Born in Trenton and maintaining strong ties to the capital city, Out in Jersey is one of only a handful of magazines to serve New Jersey’s growing LGBT community.
The full-color, glossy magazine, professionally designed and written by statewide staff, has been going strong since its inception in 2002, when publisher Peter Frycki and a few colleagues morphed what had originally been a local publication of the nonprofit Trenton Gay and Lesbian Civic Association into an independent, statewide company radiating out from the state capital into other parts of New Jersey and beyond.
“The original publication was titled ‘Trenton Out and About,’” Frycki says as he chatted over coffee about the publication’s recent growth in print and online. A youngish 60, Frycki has an earnest, casual style and a ready smile. “It started out as a photocopied newsletter for Trenton-area readers. But soon we were hearing from members of the LGBT community from Asbury Park, Jersey City, Cape May: ‘What about us?’ We were covering the issues that mattered to the LGBT community. You can’t expect to get this depth of coverage from the (Trenton) Times, Trentonian, and other local media.”
Under Frycki’s direction, the newsletter developed into a black-and-white magazine (for a time printed at Trenton Printing). But as the scope of the content and quality of the publication expanded, it became clear to Frycki and others involved with the magazine that it was no longer simply the voice of a local association. There was a need for accurate, timely information about LGBT issues, legislation, events, and awareness. Out of this need, Out in Jersey was born.
“Our goal was still activism, but on a statewide level,” says Frycki. “Toby Grace — editor emeritus, who now writes the ‘Casting Aspersions’ column — a few others, and I saw the need to expand, but it would be a big risk. Since the publication is distributed for free, without the financial support of the association, we would need to develop an advertising base to support operating expenses. Breaking away would take a lot of time and money.”
Time and money were not particularly abundant for those involved in the transition. Frycki was working full-time with the Mercer County Board of Social Services. But the change tapped into two of the publisher’s deepest passions: love of journalism and advocacy for the LGBT community.
“Part of the reason I didn’t finish my degree at Rutgers was that I was spending way too much time on the student newspaper and radio station,” he says with a laugh. “After I left school, I worked 14 years in retail and 25 years in social services, and now I’m back where I started, doing what I originally wanted to do as a kid.”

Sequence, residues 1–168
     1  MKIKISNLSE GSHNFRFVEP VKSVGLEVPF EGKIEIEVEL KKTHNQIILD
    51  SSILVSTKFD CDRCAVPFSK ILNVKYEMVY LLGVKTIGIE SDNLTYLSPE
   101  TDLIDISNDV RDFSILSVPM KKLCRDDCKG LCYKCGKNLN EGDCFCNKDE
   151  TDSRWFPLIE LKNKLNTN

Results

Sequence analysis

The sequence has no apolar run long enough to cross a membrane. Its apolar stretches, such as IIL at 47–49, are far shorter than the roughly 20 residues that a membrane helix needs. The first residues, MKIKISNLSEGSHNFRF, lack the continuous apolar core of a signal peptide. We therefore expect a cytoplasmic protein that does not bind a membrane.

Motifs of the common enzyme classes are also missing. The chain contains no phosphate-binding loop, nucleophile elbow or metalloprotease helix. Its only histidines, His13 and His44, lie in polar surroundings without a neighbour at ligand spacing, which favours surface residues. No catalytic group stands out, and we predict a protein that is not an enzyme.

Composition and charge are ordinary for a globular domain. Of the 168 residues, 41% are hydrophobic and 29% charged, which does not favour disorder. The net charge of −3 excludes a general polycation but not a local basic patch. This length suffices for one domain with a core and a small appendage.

Born in Rahway, Frycki grew up in the New Brunswick area. His dad worked for a wire company while his mom was a homemaker raising four children. While his father died before the magazine began, his mother was “verbally supportive and found the magazine ‘interesting,’” Frycki says, noting that his mother has also passed away. “My siblings were always verbally supportive and still are. My friends and colleagues in the LGBT community were my mentors and always a good sounding board, and it still remains so to this day.”
Frycki continued to work in social services while developing the magazine on weekends. His years in retail and as a county employee were hardly wasted, however. “From retail, I learned about finance and how to manage people. From social services, I learned compassion,” he says. “Without those, I couldn’t be doing what I do today.”
Now retired from the county, Frycki works nearly seven days a week with little if any financial reward on a magazine that is at the leading edge of advocacy and information sharing. His day starts as he reads texts and Tweets, then moves into instant messaging and Facebook. Most of his work each day involves interaction with advertisers to ensure a sound financial base for the magazine.
“I know it’s unusual to start a print-based publication in today’s market, but we view the print version as our storefront, our front door. It comes out every two months, and I think it gives us more legitimacy,” says Frycki. “Let’s face it, any individual can create a blog, and many of them look really good. Having a print publication of this quality gives a message that we are here to stay.”
Concurrent with the birth of the magazine was an explosion of news on the Internet.
“People wanted news right now, not next week or next month in a magazine. So around 2008, our website, which was previously just a place holder, became an active blog for posting breaking news, details about events. And that has made a huge difference,” he says.
Now when a major event announces a guest speaker at the last minute, outinjersey.net publishes the story within hours. The entire events calendar was moved to the website in 2009. Today 80 percent of the publication’s content is online, with only 20 percent in the print publication. Some 5,000 copies of the print magazine are provided free to readers at drop-off sites throughout the state, a full list of which is available online.